OKLAHOMA CITY, Okla. - Mobility is a gateway to learning. But, children with cerebral palsy and other disabilities have been hindered - until now.
"It's only when they can explore and access the environment enables to interact with objects in their environment very useful for learning," Dr. Thubi Kolobe said.
OU researchers, scientists and computer engineers have created robotic assistance for infants.
"It's almost like an Ironman suit except for infants," OU computer engineer David Miller said. "They get to do all kinds of things they couldn't before."
The Self-Initiated Prone Powered Crawler, commonly known as 'sip-see,' marries technology with a baby's innate desire to explore.
"You can see the little light bulb going on in their head," Miller said. "They react and are encouraged, and the progress they make a lot of time commitment but worth."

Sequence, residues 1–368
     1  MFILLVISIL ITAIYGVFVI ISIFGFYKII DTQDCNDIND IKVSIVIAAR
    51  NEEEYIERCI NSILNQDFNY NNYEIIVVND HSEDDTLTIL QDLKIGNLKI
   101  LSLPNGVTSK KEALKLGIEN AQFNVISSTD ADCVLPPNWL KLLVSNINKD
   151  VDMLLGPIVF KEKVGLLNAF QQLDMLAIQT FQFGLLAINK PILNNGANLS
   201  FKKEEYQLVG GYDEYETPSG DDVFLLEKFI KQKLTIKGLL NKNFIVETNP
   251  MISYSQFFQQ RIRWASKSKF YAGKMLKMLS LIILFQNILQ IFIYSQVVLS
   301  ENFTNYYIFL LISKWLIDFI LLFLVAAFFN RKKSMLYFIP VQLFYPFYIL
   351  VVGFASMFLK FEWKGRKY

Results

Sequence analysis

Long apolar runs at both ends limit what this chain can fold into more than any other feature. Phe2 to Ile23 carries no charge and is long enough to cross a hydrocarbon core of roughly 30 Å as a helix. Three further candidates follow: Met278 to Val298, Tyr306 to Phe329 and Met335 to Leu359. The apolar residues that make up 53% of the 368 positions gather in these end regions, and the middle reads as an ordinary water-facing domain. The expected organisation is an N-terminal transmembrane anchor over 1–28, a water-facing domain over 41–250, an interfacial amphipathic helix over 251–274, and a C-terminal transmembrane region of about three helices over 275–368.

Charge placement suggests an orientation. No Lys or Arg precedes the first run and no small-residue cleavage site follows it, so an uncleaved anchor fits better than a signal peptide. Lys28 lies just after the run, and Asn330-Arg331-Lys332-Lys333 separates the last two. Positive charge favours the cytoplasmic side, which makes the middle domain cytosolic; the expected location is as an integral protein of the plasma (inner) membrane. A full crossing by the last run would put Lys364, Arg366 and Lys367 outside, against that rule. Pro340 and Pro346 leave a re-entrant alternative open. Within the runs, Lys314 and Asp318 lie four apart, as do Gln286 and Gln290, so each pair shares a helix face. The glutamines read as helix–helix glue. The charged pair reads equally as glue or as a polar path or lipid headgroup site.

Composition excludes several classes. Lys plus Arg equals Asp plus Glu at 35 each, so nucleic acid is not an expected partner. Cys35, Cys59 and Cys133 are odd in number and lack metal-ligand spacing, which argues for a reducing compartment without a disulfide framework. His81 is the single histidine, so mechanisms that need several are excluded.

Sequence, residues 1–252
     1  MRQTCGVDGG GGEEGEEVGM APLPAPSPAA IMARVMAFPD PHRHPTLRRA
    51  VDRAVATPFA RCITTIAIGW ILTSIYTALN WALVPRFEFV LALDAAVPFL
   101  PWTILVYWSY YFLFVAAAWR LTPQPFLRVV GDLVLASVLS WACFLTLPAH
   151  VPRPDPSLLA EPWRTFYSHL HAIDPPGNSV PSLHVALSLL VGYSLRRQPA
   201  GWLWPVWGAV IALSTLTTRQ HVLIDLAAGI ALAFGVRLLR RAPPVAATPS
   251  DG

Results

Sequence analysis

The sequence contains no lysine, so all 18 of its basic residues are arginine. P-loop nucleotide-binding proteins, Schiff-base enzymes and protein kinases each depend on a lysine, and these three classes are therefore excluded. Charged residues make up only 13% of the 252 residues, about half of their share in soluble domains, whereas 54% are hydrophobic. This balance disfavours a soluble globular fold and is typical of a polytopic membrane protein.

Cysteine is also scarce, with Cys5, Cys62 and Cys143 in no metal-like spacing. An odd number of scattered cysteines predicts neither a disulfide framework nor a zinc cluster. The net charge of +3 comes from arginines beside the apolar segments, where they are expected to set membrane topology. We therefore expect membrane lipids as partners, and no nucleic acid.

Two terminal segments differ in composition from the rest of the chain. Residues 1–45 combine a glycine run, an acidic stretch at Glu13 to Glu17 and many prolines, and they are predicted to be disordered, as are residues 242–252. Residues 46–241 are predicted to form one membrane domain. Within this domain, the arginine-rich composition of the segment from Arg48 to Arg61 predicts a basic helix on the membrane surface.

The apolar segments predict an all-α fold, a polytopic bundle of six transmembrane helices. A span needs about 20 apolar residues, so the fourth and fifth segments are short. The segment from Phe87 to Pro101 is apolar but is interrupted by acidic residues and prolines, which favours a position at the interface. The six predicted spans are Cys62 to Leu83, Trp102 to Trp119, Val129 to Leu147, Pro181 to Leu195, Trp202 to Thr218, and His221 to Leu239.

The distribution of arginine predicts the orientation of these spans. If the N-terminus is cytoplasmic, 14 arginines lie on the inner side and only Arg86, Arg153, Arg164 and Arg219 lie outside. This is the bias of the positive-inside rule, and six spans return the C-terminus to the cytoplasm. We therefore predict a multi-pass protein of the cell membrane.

Sensors listen for subtle cues from babies with cerebral palsy and other disabilities, allowing them movement that would otherwise be impossible.
"When the babies learn how to move around, they get these big smiles," Miller said. "We have babies who pretend they are flying."
Several children, like eight-month-old Ira, are actively involved in the study.
"He loves it," his mom said. "He has so much fun on it."
There is still work to be done, but the sip-see crawler is a major step in the right direction for infants, once sidelined with disabilities like cerebral palsy.
The Self-Initiated Prone Powered Crawler will be showcased at the Smithsonian Innovation Fair in Washington D.C. over the weekend.